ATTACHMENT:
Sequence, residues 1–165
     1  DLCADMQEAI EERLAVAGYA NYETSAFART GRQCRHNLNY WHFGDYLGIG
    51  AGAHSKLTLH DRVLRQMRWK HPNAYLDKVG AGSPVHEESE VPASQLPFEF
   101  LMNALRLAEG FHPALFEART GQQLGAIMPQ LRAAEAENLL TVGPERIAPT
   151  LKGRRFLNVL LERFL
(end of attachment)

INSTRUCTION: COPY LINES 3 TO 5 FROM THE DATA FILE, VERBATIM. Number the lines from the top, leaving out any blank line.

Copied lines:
    51  AGAHSKLTLH DRVLRQMRWK HPNAYLDKVG AGSPVHEESE VPASQLPFEF
   101  LMNALRLAEG FHPALFEART GQQLGAIMPQ LRAAEAENLL TVGPERIAPT
   151  LKGRRFLNVL LERFL